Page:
Creating A Content Marketing Style Guide: What Should You Include?By now, hopefully we’ve convinced you of the importance of consistent content. Now comes the real work: figuring out what to include in your style guide. The tricky part? The contents of your style guide are going to be entirely dependent on the purpose and needs of your company. We’ll do our best to cover the basics, but there will probably be some trial and error involved as you take the steps to figure out what works best for you and your employees.
Where to Start
There are a couple of decisions you’ll need to make up front—some of which we’ve discussed in previous posts, so we’ll just touch on them here.
Choose your format. The possibilities are certainly open. Mostly, it’ll need to be a judgment call that takes into consideration the format your writers will find most accessible.
Choose your style. The best way to choose a tone for your guide is to take your company’s style into consideration. Think of it this way: if the content you produce is fairly straight-forward and informative, you’ll probably want your style guide to mirror that content. Likewise, if your company’s content is known for its quick wit and creativity, it might make sense for your style guide to do the same thing.
The Big Details
These are the aspects of content marketing style guides that we’d highly recommend including.
- Brand Architecture. This term refers to the building blocks of your brand. For instance, at Kuno, we might ask ourselves, “What makes a Kuno blog post a Kuno blog post?” (It’s more than just the fact that it’s published on our blog). In a section on brand architecture, you should seek to answer the question: What defines your content? This might manifest itself in a list of brand attributes (perhaps similar to our Like This, Not Like That chart) with examples.Hint: On the other end of the spectrum, defining your brand architecture might also include what your brand is not. Sometimes having an explicit Don’t do this! section in your style guide can help your writers even more than the Do this! sections.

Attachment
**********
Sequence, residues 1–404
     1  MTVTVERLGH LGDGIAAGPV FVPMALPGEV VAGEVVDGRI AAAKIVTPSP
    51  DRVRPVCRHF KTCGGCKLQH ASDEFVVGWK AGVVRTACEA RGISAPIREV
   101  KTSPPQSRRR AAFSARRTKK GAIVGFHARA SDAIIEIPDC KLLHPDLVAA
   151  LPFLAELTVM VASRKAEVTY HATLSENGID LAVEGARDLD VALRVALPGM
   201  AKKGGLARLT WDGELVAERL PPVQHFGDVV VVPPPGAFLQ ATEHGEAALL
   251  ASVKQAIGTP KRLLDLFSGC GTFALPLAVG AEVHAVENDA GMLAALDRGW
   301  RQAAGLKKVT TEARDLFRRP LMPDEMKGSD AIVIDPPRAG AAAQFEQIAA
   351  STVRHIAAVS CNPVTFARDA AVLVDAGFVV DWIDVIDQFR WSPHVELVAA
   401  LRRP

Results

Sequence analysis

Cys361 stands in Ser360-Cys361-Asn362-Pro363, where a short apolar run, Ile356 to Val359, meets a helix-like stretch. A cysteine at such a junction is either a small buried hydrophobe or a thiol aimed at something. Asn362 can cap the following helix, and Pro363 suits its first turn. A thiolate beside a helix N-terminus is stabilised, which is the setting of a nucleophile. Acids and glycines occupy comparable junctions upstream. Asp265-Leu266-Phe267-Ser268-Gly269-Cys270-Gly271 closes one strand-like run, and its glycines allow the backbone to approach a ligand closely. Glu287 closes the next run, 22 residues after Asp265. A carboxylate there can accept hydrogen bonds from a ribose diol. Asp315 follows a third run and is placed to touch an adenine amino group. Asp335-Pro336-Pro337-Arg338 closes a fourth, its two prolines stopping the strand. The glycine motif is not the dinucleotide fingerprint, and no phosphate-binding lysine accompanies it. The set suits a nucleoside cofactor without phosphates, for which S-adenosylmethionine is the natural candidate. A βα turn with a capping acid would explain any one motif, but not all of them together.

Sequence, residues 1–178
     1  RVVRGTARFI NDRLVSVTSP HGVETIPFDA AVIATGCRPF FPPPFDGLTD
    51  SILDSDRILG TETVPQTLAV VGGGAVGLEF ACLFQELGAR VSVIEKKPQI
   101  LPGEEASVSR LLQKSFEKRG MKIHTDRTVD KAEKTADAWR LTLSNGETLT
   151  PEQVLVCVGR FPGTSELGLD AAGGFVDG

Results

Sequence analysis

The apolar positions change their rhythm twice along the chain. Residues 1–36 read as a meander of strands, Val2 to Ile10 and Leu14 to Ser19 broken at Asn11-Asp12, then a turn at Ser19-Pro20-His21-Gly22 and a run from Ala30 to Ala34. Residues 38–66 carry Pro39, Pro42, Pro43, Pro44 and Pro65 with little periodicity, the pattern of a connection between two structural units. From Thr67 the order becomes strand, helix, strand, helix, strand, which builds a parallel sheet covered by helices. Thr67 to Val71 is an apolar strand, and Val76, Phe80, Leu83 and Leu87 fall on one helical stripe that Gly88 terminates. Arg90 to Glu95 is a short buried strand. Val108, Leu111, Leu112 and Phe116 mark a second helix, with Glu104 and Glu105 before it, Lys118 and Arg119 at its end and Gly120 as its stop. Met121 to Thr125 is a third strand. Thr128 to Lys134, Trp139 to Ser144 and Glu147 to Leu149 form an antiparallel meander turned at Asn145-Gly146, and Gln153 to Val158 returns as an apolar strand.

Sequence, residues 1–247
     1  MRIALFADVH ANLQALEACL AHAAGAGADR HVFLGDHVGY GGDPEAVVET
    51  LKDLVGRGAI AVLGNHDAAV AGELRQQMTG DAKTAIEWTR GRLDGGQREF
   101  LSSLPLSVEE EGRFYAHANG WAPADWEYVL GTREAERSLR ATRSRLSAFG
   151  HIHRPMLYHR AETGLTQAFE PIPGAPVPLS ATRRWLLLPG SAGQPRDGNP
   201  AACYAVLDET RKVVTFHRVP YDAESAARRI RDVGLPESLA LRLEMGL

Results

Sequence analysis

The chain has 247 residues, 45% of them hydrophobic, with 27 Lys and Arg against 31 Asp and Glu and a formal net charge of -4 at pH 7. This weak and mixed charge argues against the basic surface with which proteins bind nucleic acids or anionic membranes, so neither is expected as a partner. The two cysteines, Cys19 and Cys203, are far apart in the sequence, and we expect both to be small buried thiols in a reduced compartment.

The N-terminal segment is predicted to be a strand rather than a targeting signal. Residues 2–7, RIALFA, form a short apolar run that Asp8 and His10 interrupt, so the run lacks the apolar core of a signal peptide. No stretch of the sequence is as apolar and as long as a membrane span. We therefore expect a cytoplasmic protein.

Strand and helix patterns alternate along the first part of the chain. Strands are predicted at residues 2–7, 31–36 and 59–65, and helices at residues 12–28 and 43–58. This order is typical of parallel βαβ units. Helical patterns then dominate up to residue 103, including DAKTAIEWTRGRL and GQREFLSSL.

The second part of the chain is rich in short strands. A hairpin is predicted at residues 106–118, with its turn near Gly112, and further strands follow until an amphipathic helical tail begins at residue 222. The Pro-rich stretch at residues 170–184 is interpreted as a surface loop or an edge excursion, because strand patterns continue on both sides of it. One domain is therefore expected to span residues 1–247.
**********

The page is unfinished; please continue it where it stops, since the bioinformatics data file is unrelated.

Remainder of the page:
- Grammar Nitty-Gritties. While lots of grammatical rules are hard and fast, others can be a matter of preference. By documenting your company’s stance on grammar questions, you can eliminate those tedious editorial tasks of correcting the writer who prefers a double space after every period or who spells it g-r-e-y when all your other writers spell it g-r-a-y.Hint: To make things simpler, choose a reference manual as your grammar manifesto. You don’t want to devote tons of space in your style guide to the nitty-gritty, so consider delegating grammar tiffs to guides like The Chicago Manuel of Style and letting Merriam-Webster mediate future quibbles.
- SEO Your writers need to understand your SEO strategy. You might communicate this to them by way of a list of keywords to use frequently or an explanation of other SEO best practices your company has perfected over time.Hint: To drive home the importance of SEO, include some Google Analytics screenshots that illustrate the relationship between keyword usage and web traffic.
Lists Are Your Friend
Keep in mind that you want your style guide to be something writers can easily reference when creating content—not a giant wading pool of a document they have to trudge through. So, here is a list of some lists your style guide might include for quick reference:
- The Ultimate Checklist: This could be a quick and simplified version of your style guide writers can double check before submitting content.
- Company Vocabulary: A list of the words your company uses to describe itself and its products and services.
- Common Grammar Missteps: Lists of commonly misspelled words or grammar mistakes for easy reference.
- Quick Source Citation Guide: Even if you’ve already designated the AP Stylebook as your go-to citation guide, including a more accessible breakdown might be useful to your content creators.
This is a category you may or may not need depending on how you receive and publish content, but we at least wanted to mention it. If visual aspects of your content like headings, capitalization, graphic use, inline links, etc. are not standardized by your website templates, you might consider including some brief design instruction.
How your content style guide functions within your company entirely depends on your needs. If you’re still feeling a little lost, look at some style guides from companies with similar objectives to yours. And remember, your style guide should be a living document, so there’s always room for growth and improvement. Have you started your style guide yet? What are some challenges you have experienced so far?
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